With hand-woven Bolga, or Bolgatanga baskets gaining in popularity, I wanted to share a few tips with buyers to ensure you get the basket you want.
First, is the basket new, or used? If the seller doesn't state the condition, I would ask. Often a new basket will have a rustic hang-tag that was attached before the basket left Africa.
Is it really a "Bolga basket"? Traditional Bolga baskets, made in Bolgatanga, Ghana, have several identifying characteristics. They have one handle, never two. They are round in shape. The circular bottom portion of the basket, which is where the weaving is begun, is always created using natural, undyed grass. A variation on the round basket is the two-handled marketing basket, which has a more rectangular shape. This basket is also made in Bolgatanga, but is a different basket entirely.
Can you see the color and the pattern clearly? The uniqueness and beauty of a traditional Bolga basket is very much about the colors chosen by the weaver, and the patterning she has applied. There are countless color combinations and patterns available. If you are having difficulty clearly SEEING either the pattern or color due to the quality or scarcity of the sellers photographs, I would email for additional pictures.
Is a thorough description of the basket's size provided? Bolga baskets vary from very small to extremely large. Just looking at a photograph in an attempt to gauge size can be deceptive. It is very easy for a seller to claim that the basket is "huge", "monstrous" or "jumbo" is no measurements are provided to back up those claims. The seller should provide you with the following measurements: circumference, which is the distance all the way around the rim, diameter, which is the distance from edge to edge, height of the body of the basket, without the handles, and height of the handle. An average-sized Bolga basket will run around 45" in circumference, 15" in diameter, and have a height of 8", with the handles adding another 6".
Does the basket have leather handle wrapping? This is a nice touch, and makes the basket much more comfortable to carry. Inside the leather wrap are multiple strands of the grass the basket was woven from. The leather protects them, while softening the handle against your skin.
Are any flaws disclosed? Sometimes even the finest baskets arrive in the USA with some sort of minor flaw, such a discoloration on the leather handle, or loose surface wrapping. These may not matter a bit to you if you love the basket, but it is nice to know about them before you buy.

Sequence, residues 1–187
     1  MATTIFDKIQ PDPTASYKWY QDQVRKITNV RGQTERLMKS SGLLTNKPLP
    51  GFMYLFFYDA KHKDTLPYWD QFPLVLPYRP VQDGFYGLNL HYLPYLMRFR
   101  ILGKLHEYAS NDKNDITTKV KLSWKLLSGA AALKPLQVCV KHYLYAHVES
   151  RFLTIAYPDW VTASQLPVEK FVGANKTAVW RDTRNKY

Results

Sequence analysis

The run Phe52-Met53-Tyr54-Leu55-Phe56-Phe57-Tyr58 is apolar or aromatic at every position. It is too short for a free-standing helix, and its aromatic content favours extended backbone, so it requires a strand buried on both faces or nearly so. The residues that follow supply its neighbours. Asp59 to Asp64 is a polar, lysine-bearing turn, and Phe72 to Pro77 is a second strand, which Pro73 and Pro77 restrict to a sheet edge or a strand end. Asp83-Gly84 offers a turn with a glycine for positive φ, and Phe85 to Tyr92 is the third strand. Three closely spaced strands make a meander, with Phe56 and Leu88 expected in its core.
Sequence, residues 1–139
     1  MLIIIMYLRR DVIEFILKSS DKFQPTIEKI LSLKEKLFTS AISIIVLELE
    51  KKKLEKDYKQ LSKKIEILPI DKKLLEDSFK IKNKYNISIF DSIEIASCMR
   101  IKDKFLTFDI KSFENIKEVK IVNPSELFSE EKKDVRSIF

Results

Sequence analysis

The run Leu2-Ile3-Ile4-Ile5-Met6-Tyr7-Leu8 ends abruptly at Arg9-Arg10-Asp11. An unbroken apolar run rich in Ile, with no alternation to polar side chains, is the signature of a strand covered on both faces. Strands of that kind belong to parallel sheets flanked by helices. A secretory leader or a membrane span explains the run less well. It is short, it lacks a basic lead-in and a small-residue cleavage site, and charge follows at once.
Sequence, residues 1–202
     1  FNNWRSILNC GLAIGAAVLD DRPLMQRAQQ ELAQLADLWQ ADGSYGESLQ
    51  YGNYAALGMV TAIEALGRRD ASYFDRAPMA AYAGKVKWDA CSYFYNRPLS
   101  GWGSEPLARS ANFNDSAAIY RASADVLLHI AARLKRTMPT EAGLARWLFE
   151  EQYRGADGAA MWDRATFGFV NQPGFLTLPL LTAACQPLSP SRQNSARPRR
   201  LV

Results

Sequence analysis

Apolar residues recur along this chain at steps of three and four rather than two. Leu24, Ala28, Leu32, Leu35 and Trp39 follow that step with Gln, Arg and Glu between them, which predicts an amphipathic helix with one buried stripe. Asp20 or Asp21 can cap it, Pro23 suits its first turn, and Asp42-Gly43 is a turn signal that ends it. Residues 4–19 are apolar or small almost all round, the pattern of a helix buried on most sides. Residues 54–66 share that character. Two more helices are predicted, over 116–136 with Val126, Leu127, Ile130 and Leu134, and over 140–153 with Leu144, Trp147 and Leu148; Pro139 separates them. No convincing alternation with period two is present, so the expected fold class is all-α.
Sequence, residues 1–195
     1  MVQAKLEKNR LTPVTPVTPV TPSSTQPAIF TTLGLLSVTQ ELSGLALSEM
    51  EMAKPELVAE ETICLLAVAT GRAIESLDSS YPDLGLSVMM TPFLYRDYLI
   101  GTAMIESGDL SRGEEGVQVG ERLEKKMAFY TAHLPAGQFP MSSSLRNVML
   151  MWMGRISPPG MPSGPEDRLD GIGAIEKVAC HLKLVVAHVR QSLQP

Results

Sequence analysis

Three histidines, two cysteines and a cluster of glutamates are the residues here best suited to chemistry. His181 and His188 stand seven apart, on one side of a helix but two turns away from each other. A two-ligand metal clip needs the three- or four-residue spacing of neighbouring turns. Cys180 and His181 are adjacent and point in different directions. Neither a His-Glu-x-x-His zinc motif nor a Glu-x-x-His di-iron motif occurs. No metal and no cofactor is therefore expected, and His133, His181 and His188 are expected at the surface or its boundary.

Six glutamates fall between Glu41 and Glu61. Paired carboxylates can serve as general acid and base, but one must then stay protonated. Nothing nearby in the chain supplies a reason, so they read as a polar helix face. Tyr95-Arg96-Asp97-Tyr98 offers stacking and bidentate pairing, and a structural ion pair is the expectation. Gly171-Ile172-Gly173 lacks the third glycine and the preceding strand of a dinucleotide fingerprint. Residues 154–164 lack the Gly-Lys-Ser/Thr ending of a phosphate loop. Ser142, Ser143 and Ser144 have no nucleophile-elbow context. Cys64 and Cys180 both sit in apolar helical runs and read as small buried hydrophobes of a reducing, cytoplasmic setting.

Has the basket been shaped for you, or will that be YOUR job? Shaping a Bolga basket is not difficult, but perhaps it is something you don't have the time or desire to do. If the basket in the picture appears lop-sided or lumpy, or doesn't appear to stand well on its own, odds are it has NOT been shaped. I recently noticed a seller that way disclosing in her "fine print" that the basket will be flattened into a box for shipping. This means you WILL be shaping it upon arrival.
What about Fair Trade? The decision about whether to support Fair Trade sellers is a personal one. Often, the Fair Trade seller's basket will cost more, because the seller PAID more for the basket. This is because the spirit of Fair Trade demands, especially when purchasing from poorer or Third World countries, that the crafts-person who created the basket be paid a "fair" price, and that does not mean the lowest price. Fair Trade also guarantees that no child labor will be employed. So essentially, a Fair Trade seller is shopping in a marketplace where they could choose to pay LESS, and instead are choosing to pay MORE. This is a personal ethical issue. The upside of purchasing Fair Trade for you, the buyer, is that often the weavers give their best work to their Fair Trade buyers. In addition, the concept of Fair Trade may make sense to, or appeal to you. Creating a traditional Bolga Basket takes 3 days of work, which seems a lot to me. I feel good about the fact that the women who created the baskets I sell were fairly compensated for all that work.
Bolga baskets provide an opportunity to buy a traditional piece of African craft-work at a reasonable price and by doing so, enable the tradition to continue. They make wonderful gifts. Bolga baskets will carry or store anything. They are incredibly strong, virtually indestructible and may be sprayed off with water if soiled. The grass fibers are soft and densely woven, so they won't snag your yarns or scratch your children's hands. Bolgas are great for shopping, as well as yarn or other craftwork, toys, gardening, magazines, etc. and are as distinctively beautiful as they are utilitarian. Bolgatanga, Ghana is an area where the soil does not support much farming and many families depend upon the income their women earn creating these baskets. I take great joy in selling them, and my buyers seem to very much enjoy them, as well.